The national broadcaster is frequently criticised for abandoning impartiality to act as a government mouthpiece. Ofcom considers accusations substantial enough to require investigation of the Corporation’s practices.
The Tories have quietly pushed through a bill that seriously weakens the rights of people deemed lacking mental capacity.
The government has succeeded in quietly pushing through a bill that seriously weakens the rights of 300,000 people with learning difficulties, brain injuries and autism.
The Mental Capacity (Amendment) Bill – which passed in the House of Commons on Tuesday, without key amendments that would have added vital safeguards – has received little media attention or public scrutiny, but disability organisations like mine are worried it could undermine key freedoms that, instead, urgently needed to be strengthened.
The Tories first announced last summer that they would seek to pass a reform to the Mental Capacity Act 2005. While disabled people and their organisations are in agreement that reform is needed, the bill presented was immediately flagged as a dangerous threat to the rights of people deemed to be lacking mental capacity.
Last year Inclusion London started a petition asking people to support our call to protect the freedoms of people receiving care and support. The petition has nearly 200,000 signatures. But despite criticism from disabled people, advocates, lawyers, professionals, and academics, the bill continued its rapid passage through Parliament without pause.
The Minister for Care, Caroline Dinenage MP, wrote to us in an attempt to mitigate some of our concerns and invited us to meet with her in early February. Neither the letter nor the meeting convinced us that the bill will adequately protect disabled people’s human rights, and our key concerns remain.
There are serious conflicts of interest as to who has the power to make important decisions about a person’s deprivation of liberty inherent in the bill, and this could mean that people are forced to live in care homes or be physically or medically restrained if it’s an easier or cheaper option for a local council or service provider.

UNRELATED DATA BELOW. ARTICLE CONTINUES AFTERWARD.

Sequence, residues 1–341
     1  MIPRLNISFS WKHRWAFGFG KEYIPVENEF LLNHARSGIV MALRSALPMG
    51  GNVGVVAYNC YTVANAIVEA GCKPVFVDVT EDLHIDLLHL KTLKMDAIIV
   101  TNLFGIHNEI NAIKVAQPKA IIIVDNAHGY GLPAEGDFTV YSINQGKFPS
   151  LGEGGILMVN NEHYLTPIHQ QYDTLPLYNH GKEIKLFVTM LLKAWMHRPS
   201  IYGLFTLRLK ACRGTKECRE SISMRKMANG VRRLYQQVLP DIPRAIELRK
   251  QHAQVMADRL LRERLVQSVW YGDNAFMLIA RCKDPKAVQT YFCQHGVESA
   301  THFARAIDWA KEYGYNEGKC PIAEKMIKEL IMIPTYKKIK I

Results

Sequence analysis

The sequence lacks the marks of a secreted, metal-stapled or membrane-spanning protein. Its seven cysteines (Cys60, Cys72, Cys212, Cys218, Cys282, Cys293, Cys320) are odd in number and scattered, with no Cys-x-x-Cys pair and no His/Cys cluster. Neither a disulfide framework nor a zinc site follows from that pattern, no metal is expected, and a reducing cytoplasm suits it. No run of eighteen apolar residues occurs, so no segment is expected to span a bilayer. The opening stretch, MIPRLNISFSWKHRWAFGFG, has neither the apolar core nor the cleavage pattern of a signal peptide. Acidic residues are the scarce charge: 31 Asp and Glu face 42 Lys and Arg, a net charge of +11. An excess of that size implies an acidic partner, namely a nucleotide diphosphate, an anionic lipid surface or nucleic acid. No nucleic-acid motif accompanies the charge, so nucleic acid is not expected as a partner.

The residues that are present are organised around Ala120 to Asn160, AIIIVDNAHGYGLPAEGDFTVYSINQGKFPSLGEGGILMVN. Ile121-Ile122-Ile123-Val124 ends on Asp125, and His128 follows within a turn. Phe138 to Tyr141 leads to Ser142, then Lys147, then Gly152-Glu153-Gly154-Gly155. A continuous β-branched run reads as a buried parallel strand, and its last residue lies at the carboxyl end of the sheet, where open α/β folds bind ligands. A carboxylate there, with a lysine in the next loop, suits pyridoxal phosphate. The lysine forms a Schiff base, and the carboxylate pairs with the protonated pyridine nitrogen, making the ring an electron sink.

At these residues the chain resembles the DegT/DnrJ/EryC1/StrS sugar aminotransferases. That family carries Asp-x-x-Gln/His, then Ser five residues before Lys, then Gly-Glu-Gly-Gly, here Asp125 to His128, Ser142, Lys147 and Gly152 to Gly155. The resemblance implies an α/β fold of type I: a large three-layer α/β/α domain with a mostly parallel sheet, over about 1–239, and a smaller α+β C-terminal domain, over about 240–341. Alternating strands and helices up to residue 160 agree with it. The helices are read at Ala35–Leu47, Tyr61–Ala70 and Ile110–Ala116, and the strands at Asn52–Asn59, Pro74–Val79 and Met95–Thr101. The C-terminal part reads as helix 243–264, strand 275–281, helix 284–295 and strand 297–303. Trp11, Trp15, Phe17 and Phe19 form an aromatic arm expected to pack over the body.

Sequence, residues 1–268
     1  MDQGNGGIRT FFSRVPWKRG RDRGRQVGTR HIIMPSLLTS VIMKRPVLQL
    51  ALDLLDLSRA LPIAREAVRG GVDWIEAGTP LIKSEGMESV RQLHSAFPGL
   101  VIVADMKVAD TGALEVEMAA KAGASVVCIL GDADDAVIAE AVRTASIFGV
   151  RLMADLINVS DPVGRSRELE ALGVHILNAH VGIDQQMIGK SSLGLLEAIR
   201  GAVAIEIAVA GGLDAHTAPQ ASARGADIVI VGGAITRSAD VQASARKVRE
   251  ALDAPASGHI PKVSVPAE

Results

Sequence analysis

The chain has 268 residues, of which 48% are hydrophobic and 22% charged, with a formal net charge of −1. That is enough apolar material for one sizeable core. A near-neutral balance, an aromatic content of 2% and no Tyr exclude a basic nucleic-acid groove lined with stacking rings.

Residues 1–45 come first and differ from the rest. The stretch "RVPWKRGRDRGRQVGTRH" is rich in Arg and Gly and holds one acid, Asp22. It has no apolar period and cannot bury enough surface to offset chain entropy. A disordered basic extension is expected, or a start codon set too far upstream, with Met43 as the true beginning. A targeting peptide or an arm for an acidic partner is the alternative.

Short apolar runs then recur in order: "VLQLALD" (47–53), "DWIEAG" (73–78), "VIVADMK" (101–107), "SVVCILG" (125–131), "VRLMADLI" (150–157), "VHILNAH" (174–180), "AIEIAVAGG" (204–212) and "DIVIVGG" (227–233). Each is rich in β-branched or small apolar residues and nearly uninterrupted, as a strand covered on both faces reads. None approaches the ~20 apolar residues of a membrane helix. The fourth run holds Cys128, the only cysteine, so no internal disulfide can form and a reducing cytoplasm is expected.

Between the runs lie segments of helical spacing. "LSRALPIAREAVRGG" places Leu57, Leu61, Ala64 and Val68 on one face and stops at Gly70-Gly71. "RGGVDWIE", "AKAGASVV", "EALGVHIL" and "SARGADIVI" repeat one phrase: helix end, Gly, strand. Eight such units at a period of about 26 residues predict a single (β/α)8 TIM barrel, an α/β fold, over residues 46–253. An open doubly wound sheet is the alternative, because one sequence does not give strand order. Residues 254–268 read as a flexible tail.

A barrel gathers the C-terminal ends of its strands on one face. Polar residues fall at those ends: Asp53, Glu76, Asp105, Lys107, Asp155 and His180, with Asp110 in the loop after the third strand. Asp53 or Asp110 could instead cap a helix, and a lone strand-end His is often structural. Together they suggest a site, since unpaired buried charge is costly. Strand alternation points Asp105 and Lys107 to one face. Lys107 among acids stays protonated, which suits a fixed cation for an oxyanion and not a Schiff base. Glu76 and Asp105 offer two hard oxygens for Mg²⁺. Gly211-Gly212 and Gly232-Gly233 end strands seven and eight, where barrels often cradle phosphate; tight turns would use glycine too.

There are also issues with access to advocacy and the right to information. Not everyone will have the right to an independent mental capacity advocate (IMCA) – there’s an assumption friends or relatives can act as an advocate. This should never be the default option, everyone should be entitled to an IMCA. Not all relatives will act in an individual’s best interests nor can they be expected to understand a complex system.
Finally, there has been a very short period of time for members of the public to voice their thoughts or concerns with the bill. The government failed to put the bill into easy read format, to make it more accessible to people with learning difficulties, until just two weeks ago. Easy read is a format designed for the people most likely to be affected by the bill.
Repeated requests for accessible information about the bill have been ignored over the last 6 months. One can only conclude that people with learning difficulties have been disregarded as valid stakeholders in this process. This is an unacceptable situation and one that would be politically and culturally unacceptable if applied to other communities.
We believe it’s unacceptable that the government ignored all requests to pause, engage and listen to our key concerns. Two hours for MPs to debate the Mental Capacity Amendment Bill is just the latest example of poor law-making that will weaken the human rights of disabled people in some of the most vulnerable situations.
Ellen Morrison works for Inclusion London, which supports deaf and disabled people’s organisations across the capital.
Illustration by R. Kikuo Johnson
The Investigatory Powers Bill has passed its third reading in the House of Lords and will soon become law.
For the first time, security services will be able to hack into computers, networks, mobile devices, servers and more under the proposed plans. The practice is known as equipment interference and is set out in part 5, chapter 2, of the IP Bill.